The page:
Governments, development partners (DPs), and implementers spend millions of dollars every year collecting data on results. The post-2015 development agenda calls for more results indicators and larger investments in data. At this inflection point, we examine a critical question: how do we make these investments most effective?
Development Gateway (DG), with support from the Bill & Melinda Gates Foundation, is studying how results data is collected, shared, and used in three countries: Ghana, Tanzania, and Sri Lanka, across the health and agriculture sectors. This report synthesizes our findings from Ghana.
We aim to shed new light, both locally and internationally, on how results data is collected, shared, and used – and what can be done to improve quality and use of results data in Ghana, especially at local level. Our study explores results data primarily from the government perspective, while incorporating critical views from the DP community and NGOs. We hope these insights will inform future investments in results-based management in Ghana, and anticipate that these lessons will also be useful to others in the international community.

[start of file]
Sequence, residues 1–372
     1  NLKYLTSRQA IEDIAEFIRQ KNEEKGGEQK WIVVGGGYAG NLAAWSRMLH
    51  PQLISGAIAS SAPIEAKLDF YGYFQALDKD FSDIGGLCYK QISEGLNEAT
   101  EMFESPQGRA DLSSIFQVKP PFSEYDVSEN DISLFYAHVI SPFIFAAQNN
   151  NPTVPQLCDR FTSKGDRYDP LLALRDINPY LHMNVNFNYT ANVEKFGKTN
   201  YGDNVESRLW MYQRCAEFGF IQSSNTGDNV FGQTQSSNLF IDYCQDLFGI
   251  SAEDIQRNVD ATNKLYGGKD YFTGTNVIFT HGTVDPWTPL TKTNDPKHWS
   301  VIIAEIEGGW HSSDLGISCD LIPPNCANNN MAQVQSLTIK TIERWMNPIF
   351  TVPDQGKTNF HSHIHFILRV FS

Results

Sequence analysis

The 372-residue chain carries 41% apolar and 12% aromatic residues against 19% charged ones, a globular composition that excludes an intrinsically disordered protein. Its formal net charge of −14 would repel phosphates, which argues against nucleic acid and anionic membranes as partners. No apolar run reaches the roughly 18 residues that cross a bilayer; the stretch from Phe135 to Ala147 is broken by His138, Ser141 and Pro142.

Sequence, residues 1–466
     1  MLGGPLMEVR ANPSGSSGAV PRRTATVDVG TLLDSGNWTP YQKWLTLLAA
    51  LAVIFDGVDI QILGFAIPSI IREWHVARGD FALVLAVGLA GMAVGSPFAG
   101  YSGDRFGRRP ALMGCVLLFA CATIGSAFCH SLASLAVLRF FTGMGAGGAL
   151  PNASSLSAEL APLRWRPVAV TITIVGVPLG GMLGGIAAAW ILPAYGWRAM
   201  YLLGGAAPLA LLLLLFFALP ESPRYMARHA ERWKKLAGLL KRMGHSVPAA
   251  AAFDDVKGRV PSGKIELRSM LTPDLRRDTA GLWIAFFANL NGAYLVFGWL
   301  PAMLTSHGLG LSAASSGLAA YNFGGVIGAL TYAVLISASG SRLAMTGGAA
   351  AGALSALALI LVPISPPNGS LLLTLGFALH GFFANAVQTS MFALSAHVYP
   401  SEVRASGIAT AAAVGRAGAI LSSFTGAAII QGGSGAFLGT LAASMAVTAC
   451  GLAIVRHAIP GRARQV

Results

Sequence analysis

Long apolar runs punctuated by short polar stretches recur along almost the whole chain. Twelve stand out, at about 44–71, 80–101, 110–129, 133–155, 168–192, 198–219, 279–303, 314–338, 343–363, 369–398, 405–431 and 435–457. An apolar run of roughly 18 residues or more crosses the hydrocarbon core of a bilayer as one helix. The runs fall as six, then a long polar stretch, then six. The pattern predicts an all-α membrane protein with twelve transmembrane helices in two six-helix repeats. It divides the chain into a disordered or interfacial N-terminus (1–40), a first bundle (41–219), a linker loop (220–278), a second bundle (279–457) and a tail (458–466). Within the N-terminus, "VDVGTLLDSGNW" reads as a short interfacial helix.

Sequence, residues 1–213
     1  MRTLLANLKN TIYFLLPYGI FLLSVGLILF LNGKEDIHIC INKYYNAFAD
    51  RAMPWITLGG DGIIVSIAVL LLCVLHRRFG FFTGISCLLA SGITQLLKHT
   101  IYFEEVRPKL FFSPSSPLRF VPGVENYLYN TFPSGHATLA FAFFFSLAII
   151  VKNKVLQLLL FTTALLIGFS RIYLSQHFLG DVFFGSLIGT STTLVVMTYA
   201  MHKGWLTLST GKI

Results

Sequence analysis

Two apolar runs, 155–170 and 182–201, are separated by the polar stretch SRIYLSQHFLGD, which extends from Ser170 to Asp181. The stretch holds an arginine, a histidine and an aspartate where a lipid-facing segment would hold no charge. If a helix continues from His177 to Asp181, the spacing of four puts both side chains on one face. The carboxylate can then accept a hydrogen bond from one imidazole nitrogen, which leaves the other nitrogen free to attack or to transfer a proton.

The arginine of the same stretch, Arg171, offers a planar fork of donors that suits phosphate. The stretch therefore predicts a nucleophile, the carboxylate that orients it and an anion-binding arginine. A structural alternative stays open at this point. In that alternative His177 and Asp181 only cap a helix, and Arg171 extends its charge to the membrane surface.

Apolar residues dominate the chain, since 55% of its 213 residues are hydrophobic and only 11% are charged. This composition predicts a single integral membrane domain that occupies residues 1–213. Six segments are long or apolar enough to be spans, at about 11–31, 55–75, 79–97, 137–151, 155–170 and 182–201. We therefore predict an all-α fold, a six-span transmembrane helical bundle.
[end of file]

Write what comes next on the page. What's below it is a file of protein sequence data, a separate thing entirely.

What Do We Mean By Results?
Our definition of “results” in this case comprises both output and outcome data. We define outputs as the goods and services delivered through activities – such as immunizations or farmer trainings. We define outcomes as evidence of effects on target populations – such as maternal mortality rates or increase in household incomes.